Our Lady, Star of the Sea is an ancient title for the Virgin Mary, Mother of the Redeemer. Very important for this title is the following twelfth-century prayer from St. Bernard of Clairvaux:
If the winds of temptation arise;
If you are driven upon the rocks of tribulation look to the star, call on Mary;
If you are tossed upon the waves of pride, of ambition, of envy, of rivalry, look to the star, call on Mary.
Pray the rosary concluding on the medal of Our Lady, Stella Maris, with Ave Stella Maris.
“Our Lady, Star of the Sea” Rosary Parts
Beads: Translucent AA Peacock Blue Apatite 8mm (53), 5mm (12) and Deep Peacock Apatite 10mm (6)
Rosary Center: Our Lady Star of the Seas Maris Rosary Center 1″, True Bronze.
Crucifix: Our Lady of the Valley, Lujan, Pompeii, and Stella Maris 2 1/2″, True Bronze
The crucifix and center are true bronze reproductions antique pieces, hand cast using the lost wax method, which retains all the original details and character of the pieces.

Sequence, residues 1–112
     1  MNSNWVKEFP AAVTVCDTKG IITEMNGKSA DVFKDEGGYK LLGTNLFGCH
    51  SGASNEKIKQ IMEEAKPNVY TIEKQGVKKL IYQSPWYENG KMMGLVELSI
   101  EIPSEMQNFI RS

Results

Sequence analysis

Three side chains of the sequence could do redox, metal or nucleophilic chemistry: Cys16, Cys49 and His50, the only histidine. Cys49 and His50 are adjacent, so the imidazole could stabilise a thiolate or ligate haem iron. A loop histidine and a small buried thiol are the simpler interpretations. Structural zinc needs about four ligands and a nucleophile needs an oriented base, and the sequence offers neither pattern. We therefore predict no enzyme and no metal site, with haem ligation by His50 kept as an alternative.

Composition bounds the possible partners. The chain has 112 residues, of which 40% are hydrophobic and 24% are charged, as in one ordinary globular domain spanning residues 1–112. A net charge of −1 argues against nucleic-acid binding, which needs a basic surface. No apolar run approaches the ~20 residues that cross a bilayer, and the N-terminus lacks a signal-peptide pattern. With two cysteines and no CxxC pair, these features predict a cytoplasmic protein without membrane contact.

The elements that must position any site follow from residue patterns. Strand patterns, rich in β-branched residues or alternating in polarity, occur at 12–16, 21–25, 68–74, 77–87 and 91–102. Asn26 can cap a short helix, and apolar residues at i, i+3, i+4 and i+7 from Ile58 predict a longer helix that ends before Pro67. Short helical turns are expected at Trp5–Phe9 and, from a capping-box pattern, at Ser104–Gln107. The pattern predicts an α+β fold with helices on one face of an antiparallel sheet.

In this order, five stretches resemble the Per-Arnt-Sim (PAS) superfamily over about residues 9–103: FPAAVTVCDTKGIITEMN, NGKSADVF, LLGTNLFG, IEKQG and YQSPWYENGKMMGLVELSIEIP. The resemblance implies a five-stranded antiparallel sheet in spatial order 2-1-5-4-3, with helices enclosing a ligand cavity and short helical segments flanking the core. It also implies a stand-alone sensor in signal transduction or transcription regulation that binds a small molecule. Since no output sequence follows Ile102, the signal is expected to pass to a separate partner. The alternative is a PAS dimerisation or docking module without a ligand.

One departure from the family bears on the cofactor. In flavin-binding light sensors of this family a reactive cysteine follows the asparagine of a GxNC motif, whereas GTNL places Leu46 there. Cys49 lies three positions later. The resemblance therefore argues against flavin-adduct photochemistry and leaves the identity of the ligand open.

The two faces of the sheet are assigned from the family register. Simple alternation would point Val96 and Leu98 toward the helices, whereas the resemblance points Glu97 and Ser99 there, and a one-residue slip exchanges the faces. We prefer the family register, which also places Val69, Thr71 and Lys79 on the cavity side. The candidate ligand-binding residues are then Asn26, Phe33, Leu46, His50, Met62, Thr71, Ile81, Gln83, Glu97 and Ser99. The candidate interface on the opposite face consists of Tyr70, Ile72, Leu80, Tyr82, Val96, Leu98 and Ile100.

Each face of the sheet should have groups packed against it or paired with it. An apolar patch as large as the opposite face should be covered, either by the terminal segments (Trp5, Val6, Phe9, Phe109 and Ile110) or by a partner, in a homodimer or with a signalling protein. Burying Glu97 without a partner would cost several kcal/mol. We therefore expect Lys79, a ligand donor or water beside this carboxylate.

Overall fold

Bead Caps: Brass
Method: Wire-wrapped by hand
Total Length: 35″ (89 cm)
Gift box: Included
Additional Product Information Tab: contains information pertaining to shipping box dimensions only.
About Maris Stella
The origin of the expression Stella maris is commonly attributed to St. Jerome (d. 420). However, Jerome called Mary stilla maris, meaning a drop of the sea. Perhaps a copyist transcribed this as Stella maris. Other authors recording the same Marian symbol include: Isidore of Seville (d. 636); Alcuin (d. 804); and Rhabanus Maurus (d. 856).
An explicit reference occurs in Paschasius Radbertus (d. 865):
Mary, Star of the Sea, must be followed in faith and morals lest we capsize amidst the storm-tossed waves of the sea. She will illumine us to believe in Christ, born of her for the salvation of the world.
Hincmar of Reims (d. 882) spoke of Mary as ‘a star of the sea assumed into the heavens’.
There are also some ancient Marian hymns related to the title: Ave Maris Stella (eigth-ninth century); and Alma Redemptoris Mater (by Hermann of Reichenau, eleventh century). It was a particular favorite of those chanting it as part of the Divine Office (the Liturgy of the Hours) in the Middle Ages.
Credit: The Marian Library/International Marian Research Institute, campus.udayton.edu